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The Legacies They Built: Honoring Pinkie Gordon Lane, Lutrill & Pearl Payne, and Julian T. White.”: Pinkie Gordon Lane

In 2022, the LSU Board of Supervisors made the decision to honor four African American trailblazers by naming two academic programs and one building after them.

Pinkie Gordon Lane Papers

Note: All images in this section come from the Pinkie Gordon Lane Papers, Mss. 4629, Louisiana and Lower Mississippi Valley Collections, LSU, Baton Rouge, LA.


WomanPinkie Gordon Lane was born in Philadelphia, PA, on January 13, 1923. She attended the Philadelphia School for Girls, graduating in 1940. Lane left her job at a sewing factory in 1945 to enter Spelman College in Atlanta, Georgia, where in 1949 she earned a bachelor’s degree in English and art. After graduating she began teaching in the public schools of Georgia and Florida (1949-1955). It was during her senior year at Spelman that she met and married Ulysses Simpson Lane (d. 1970) in May 1948.  
In 1955 she returned to Atlanta and began working on a master’s degree in English from Atlanta University. Upon receiving her degree in 1956, she and her husband left Georgia and moved to Baton Rouge, Louisiana, where she took a teaching position at Leland College in Baker, La. from 1957-1959. (Leland College closed in 1960). She left Leland to accept a position as instructor of English at Southern University (Baton Rouge, La.). In 1963 she gave birth to her only child, a son, Gordon Edward Lane. In 1967, Lane became the first African American woman to receive the PhD degree from LSU. She was promoted to full professor and served as Director of the English department from 1974 until her retirement in 1986.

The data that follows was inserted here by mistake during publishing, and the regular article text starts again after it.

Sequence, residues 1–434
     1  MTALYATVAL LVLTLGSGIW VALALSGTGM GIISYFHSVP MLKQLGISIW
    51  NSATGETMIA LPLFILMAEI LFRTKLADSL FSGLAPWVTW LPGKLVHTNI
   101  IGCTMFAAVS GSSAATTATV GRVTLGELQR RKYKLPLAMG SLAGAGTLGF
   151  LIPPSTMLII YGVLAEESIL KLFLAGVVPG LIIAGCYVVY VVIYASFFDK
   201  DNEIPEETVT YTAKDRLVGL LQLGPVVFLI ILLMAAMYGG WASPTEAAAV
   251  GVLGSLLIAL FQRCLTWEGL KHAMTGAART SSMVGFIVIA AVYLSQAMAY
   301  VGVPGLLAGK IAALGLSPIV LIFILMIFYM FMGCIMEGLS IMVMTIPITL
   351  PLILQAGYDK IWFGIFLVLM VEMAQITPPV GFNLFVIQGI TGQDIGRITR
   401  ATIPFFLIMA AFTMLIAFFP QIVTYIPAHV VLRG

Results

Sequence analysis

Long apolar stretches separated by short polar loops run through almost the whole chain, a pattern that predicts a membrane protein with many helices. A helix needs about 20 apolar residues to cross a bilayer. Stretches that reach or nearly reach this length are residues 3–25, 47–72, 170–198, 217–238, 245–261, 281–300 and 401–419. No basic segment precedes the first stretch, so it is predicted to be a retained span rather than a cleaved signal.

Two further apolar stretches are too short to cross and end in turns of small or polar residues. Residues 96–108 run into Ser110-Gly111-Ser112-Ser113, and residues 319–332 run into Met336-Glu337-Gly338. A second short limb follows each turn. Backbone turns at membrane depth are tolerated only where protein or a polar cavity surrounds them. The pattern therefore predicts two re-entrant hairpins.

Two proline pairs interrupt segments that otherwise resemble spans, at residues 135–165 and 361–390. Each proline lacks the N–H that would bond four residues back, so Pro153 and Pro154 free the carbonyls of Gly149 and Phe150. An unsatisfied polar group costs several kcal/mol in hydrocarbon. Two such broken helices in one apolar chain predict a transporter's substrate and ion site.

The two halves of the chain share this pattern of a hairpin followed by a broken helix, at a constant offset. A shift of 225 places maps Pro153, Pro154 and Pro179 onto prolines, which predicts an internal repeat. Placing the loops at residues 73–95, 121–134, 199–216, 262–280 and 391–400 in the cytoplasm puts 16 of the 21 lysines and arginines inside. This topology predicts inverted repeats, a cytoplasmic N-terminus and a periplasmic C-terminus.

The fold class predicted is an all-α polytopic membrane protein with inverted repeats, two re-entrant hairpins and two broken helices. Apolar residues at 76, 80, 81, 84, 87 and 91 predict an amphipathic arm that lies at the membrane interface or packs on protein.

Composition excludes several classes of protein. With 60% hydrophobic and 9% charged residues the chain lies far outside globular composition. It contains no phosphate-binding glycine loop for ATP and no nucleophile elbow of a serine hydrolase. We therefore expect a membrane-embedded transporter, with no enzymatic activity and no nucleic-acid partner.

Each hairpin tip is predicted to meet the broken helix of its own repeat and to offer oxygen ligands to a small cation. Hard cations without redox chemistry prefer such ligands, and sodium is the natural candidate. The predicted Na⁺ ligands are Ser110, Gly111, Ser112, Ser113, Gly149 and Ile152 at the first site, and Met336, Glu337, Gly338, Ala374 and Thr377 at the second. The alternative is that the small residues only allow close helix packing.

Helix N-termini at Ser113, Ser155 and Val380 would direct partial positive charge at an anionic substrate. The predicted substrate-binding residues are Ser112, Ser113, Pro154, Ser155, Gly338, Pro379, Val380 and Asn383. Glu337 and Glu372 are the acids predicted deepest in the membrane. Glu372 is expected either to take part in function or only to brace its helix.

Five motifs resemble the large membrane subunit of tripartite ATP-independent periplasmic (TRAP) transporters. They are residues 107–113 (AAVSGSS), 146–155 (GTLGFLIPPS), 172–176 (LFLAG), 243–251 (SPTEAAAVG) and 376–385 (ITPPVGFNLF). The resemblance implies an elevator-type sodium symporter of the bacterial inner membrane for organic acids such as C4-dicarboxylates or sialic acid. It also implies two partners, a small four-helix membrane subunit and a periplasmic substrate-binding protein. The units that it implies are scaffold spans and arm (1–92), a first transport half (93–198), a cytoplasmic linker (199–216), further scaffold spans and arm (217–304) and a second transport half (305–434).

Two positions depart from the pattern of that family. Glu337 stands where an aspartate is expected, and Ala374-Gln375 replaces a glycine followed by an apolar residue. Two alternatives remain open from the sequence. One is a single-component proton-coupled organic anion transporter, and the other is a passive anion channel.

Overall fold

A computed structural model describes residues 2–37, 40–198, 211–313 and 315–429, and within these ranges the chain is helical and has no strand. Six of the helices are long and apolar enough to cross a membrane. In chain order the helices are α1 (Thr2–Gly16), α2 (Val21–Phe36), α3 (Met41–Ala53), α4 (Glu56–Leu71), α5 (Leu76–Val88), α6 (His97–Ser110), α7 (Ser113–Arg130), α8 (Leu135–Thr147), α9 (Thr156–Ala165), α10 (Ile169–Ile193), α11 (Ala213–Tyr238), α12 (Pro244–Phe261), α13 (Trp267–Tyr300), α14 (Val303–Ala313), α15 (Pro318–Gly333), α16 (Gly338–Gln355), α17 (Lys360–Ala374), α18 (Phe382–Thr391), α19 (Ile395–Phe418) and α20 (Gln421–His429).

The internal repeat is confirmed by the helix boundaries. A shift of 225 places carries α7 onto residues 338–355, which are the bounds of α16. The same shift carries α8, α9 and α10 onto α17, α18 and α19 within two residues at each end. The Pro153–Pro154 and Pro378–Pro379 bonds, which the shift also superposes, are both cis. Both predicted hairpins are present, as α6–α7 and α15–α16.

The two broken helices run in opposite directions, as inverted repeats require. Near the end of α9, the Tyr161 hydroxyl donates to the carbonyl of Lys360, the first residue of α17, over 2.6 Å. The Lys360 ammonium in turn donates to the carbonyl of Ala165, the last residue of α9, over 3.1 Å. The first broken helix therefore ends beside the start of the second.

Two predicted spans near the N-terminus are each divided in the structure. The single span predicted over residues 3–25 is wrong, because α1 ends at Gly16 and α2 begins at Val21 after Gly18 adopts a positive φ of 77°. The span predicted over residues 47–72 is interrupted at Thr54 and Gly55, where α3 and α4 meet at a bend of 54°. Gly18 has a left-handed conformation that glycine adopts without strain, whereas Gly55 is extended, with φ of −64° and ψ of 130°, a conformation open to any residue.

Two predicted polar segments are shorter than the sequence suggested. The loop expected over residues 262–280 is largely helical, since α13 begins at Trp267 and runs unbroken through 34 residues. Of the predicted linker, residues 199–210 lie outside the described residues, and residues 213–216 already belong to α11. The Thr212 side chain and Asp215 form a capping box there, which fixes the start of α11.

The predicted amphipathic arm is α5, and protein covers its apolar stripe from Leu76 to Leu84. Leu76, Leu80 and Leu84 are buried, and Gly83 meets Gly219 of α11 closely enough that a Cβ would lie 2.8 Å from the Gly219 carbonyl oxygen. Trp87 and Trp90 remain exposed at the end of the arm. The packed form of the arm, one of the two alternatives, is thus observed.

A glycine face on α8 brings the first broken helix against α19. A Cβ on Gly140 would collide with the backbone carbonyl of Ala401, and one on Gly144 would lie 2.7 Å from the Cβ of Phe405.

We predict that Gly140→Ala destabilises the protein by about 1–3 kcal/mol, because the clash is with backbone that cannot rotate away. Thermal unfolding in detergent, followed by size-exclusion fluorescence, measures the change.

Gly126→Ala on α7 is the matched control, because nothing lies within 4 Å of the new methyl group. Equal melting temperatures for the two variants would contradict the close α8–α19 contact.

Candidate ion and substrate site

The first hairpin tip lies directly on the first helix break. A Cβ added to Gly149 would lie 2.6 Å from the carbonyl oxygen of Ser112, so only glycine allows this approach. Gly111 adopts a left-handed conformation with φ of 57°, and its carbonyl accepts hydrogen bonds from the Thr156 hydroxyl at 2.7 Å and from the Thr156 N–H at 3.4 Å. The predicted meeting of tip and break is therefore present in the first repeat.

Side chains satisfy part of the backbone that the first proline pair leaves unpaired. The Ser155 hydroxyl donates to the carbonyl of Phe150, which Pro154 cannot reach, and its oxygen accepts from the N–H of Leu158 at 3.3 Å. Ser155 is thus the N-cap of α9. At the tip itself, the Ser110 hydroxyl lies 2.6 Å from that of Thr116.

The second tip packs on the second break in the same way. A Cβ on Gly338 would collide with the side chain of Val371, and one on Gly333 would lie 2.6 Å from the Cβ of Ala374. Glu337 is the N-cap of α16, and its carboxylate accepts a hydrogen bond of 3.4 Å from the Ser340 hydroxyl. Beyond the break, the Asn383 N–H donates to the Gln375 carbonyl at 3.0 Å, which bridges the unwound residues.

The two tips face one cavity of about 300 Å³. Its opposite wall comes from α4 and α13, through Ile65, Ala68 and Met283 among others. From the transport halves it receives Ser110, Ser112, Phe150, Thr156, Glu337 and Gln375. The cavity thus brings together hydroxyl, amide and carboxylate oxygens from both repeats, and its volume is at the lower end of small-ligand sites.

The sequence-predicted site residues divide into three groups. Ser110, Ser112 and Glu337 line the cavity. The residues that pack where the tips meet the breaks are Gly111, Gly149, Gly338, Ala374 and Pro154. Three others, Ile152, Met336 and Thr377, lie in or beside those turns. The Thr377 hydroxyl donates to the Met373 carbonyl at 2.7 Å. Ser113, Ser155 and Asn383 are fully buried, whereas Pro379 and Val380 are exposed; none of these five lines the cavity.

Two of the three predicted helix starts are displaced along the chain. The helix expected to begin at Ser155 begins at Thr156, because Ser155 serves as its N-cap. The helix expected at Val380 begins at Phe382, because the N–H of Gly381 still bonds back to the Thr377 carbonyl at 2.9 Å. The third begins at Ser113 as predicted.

Lane’s literary career began in 1956 when she found some success as a short story writer. She decided upon poetry as her chosen medium and her first published poem, “This Treasured Book,” appeared in Phylon: The Atlanta University Review of Race and Culture in 1961. In addition to her numerous publications in periodicals, she published five books of poetry: Wind Thoughts (1972), Mystic Female (1978), I Never Scream: New and Selected Poems (1985), Girl at the Window (1991), and Elegy for Etheridge (2000). She served as editor or contributing editor to anthologies and periodicals such as Poems by Blacks (1973), Discourses on Poetry (1972), Callaloo, and Black Scholar.  

Three womenLane traveled globally, participating in numerous workshops, seminars, and poetry readings throughout the United States, Africa, the Virgin Islands, and Haiti. She has held positions as director of the Melvin A. Butler Poetry Festival, 1974-80; Louisiana State Poet Laureate, 1989- 1992; Louisiana Black History Hall of Fame inductee, 1991; Visiting Distinguished Professor at the University of Northern Iowa, 1993-94; and Du Pont Scholar, Bridgewater College, 1994.  

Lane passed away on December 3, 2008 after a brief illness. 


Images from the Pinkie Gordon Lane Papers, Mss.:, Louisiana and Lower Mississippi Valley Collections, LSU. Top: Pinkie Gordon Lane, c. 1985; Center: Professors from Southern University at the Womanfair Conference, University of Texas, October 17-18, 1980 -Noted on the back: “Seated left to right: Professors Ruby J. Simms-Brown (History Dept.), Pinkie Gordon Lane, San Su Lin, Mary Joseph, and Margaret Ambrose (English Dept.).” Lane was serving as English Department Chair when this photograph was taken; Bottom: Val Gray Ward, Lane, and Gwendolyn Brooks at “Furious Flower” conference, 1994.